The number of Japanese aged 65 or older will on Sunday reach a record-high of an estimated 23.62 million — roughly one out of every 5.4 people — according to a government survey released Saturday.

The Public Management, Home Affairs, Posts and Telecommunications Ministry survey shows the cohort increased by 780,000 from a year earlier. Its ratio to the total population grew to a record-high 18.5 percent, up 0.5 percentage point.

As the number of children in Japan has gradually decreased, the ratio of those over 65 to those under 15 has risen to 1.3. It stood at 0.66 in 1999.

The ministry released the survey ahead of Sunday’s Respect for the Aged Day.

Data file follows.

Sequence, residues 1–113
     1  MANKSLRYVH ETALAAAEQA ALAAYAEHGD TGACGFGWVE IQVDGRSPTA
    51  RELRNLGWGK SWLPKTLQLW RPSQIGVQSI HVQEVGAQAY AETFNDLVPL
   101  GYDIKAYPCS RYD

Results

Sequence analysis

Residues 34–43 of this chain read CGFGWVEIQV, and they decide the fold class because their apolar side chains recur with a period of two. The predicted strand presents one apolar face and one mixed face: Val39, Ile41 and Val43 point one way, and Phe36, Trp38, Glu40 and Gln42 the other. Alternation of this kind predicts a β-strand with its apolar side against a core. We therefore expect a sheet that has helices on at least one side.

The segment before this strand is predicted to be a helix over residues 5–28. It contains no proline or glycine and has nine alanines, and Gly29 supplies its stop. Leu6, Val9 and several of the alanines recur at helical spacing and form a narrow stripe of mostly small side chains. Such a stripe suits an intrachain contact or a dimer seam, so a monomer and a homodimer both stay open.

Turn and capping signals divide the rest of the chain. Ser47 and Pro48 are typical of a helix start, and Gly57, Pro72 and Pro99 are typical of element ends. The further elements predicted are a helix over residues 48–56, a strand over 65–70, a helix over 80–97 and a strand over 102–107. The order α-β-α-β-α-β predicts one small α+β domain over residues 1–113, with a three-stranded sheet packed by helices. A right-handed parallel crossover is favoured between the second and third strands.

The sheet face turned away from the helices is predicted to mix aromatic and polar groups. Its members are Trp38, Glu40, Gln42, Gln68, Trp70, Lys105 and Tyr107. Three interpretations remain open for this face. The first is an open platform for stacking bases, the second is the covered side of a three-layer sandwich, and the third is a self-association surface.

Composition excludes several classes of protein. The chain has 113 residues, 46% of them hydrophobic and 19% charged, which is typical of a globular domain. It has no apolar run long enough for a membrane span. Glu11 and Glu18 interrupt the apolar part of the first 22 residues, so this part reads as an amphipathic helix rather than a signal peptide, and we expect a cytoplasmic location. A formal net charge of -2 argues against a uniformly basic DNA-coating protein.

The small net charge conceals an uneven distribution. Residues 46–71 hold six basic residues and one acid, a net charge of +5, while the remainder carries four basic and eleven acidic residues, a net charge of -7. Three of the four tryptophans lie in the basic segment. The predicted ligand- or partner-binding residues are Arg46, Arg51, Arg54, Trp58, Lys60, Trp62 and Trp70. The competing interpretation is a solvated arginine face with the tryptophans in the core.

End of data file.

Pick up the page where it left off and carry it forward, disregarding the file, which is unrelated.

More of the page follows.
The survey also shows that the number of people aged 75 or older totaled 13 million, topping the 10 million mark for the first time. The cohort accounts for 7.9 percent of Japan’s entire population of 126 million.

By gender, there are 9.95 million men and 13.67 million women aged 65 or older. Of those over 85, women outnumber men by 1.79 million to 720,000, a ratio of 2.5 to 1.

Japan’s ratio of those over 65 to the total population is the highest in any major industrialized nation. Italy’s ratio stands at 18.2 percent, Germany’s is 16.2 percent and France’s is 15.9 percent.

The National Institute of Population and Social Security Research predicts the cohort will continue to grow, reaching 31.99 million in 2014, which is 1.4 times larger than the current number. If that prediction is accurate, one out of every four Japanese will be 65 or older.

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